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Dave Tweed's sorta around again

Hi, I've been away for quite a while. I've forgotten: is it chat, strategy or both (or something else) which is only readable by registered Azimuth members?


and then realized the thing to do was compare what I could see as a logged in member vs when not logged in; it appears that chat and strategy are both members-only topics.

Anyway, I haven't been around for a bit. I'm goint to start throwing in the odd comment on anything I feel I can usefully illuminate. However, I'm not going to get deeply involved in the El Nino stuff because this is stuff the John and the Azimuth project plan to talk about at the next NIPS conference, so it's important that people can have confidence when things start to be done that they will be completed. At the moment I'm a bit flaky (which isn't a state secret but I don't want to put on the completely open internet), and one thing I don't like is being flaky in terms of failing to finally deliver something I've said I'll do that someone else is depending upon. (This flakiness is currently more intrinsic than a "I haven't got the time" thing; I'm able to control this flakiness, but I don't want to risk expand the "area" in which I need to control it at the moment.)

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Welcome back, David! John may need something other than the El Nino stuff at NIPS anyway...

Comment Source:Welcome back, David! John may need something other than the El Nino stuff at NIPS anyway...
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edited July 2014

Welcome back! I think I'll concentrate on El Niño-related stuff at NIPS. However, what they might like most is some sort of neural network / machine learning approach predicting El Niños. I wish there were some routine "off the shelf" freeware I could use to:

1. use machine learning to predict the value of a time series at time $t$ given one or more time series up to time $t - \Delta$.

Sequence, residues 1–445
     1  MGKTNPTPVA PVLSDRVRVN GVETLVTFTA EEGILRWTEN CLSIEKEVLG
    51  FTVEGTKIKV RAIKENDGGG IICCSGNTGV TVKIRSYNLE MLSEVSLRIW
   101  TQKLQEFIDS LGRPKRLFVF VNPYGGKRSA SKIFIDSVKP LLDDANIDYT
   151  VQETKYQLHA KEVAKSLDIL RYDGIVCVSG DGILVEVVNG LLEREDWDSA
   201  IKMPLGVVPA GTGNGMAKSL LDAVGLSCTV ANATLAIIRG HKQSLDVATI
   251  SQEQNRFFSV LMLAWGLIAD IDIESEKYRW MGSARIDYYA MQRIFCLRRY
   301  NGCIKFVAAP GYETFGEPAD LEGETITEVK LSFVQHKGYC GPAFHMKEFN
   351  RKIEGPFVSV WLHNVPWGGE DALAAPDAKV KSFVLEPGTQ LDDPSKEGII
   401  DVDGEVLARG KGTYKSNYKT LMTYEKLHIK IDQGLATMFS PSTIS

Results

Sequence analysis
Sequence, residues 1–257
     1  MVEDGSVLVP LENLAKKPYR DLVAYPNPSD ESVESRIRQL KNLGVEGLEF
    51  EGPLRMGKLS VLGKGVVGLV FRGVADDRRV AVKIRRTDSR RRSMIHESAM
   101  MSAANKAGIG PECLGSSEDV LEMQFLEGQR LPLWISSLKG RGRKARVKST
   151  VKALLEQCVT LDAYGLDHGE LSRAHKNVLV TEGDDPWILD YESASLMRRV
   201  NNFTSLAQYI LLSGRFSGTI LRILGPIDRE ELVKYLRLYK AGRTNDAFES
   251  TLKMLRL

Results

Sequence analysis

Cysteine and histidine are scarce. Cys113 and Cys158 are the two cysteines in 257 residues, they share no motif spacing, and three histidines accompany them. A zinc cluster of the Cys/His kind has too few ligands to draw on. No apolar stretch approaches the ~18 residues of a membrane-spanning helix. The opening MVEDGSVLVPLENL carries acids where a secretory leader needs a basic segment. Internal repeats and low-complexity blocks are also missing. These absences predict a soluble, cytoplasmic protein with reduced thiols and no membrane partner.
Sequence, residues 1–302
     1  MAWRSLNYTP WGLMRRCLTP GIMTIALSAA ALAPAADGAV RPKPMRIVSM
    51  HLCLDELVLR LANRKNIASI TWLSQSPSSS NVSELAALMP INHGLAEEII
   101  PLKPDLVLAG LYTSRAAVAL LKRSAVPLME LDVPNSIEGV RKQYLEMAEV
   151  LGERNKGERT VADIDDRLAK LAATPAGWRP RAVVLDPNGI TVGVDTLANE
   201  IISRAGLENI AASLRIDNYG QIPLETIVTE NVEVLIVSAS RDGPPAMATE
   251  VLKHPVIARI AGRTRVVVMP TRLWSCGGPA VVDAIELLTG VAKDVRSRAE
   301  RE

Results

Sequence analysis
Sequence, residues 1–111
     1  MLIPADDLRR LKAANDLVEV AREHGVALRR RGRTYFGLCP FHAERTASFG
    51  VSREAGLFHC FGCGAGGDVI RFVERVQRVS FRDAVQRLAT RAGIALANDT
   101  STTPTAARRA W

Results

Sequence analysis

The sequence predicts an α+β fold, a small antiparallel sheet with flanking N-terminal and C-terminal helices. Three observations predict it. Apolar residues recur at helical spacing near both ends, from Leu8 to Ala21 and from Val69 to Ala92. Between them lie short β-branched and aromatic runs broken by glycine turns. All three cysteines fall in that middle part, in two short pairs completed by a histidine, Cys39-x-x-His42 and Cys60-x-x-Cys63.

2. rate how "good" such a predictive method is.

Obviously there are tons of choices here, but I imagine lazy people have some standard things they do. Can we learn what these are and actually do them before December?

Anyway, David: pointers to useful information, like answers to these questions, would be great! But I'll avoid relying on you in a way that would make me grumpy if you flake out.

Comment Source:Welcome back! I think I'll concentrate on El Ni&ntilde;o-related stuff at NIPS. However, what they might like most is some sort of neural network / machine learning approach predicting El Ni&ntilde;os. I wish there were some routine "off the shelf" freeware I could use to: 1. use machine learning to predict the value of a time series at time $t$ given one or more time series up to time $t - \Delta$. 1. rate how "good" such a predictive method is. Obviously there are tons of choices here, but I imagine lazy people have some standard things they do. Can we learn what these are and actually do them before December? Anyway, David: pointers to useful information, like answers to these questions, would be great! But I'll avoid relying on you in a way that would make me grumpy if you flake out.
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If all you're interested in is predicting a univariate time series with a neural network, I'm sure there are plenty of canned R packages that will do that (e.g., the 'forecast' package turns up in a quick Google search). Not sure if the same exist for predicting the evolution of spatial fields.

Not sure if the NIPS people will be impressed by some routine "off the shelf" approach, though.

Comment Source:If all you're interested in is predicting a univariate time series with a neural network, I'm sure there are plenty of canned R packages that will do that (e.g., the 'forecast' package turns up in a quick Google search). Not sure if the same exist for predicting the evolution of spatial fields. Not sure if the NIPS people will be impressed by some routine "off the shelf" approach, though.
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I have to do something routine and unimpressive before I can do anything better. Anyway, I don't really expect to impress them with my knowledge of neural networks by December; I mainly plan to say "here's an interesting hard problem; here's some stuff people have done; do better!"

Comment Source:I have to do something routine and unimpressive before I can do anything better. Anyway, I don't really expect to impress them with my knowledge of neural networks by December; I mainly plan to say "here's an interesting hard problem; here's some stuff people have done; do better!"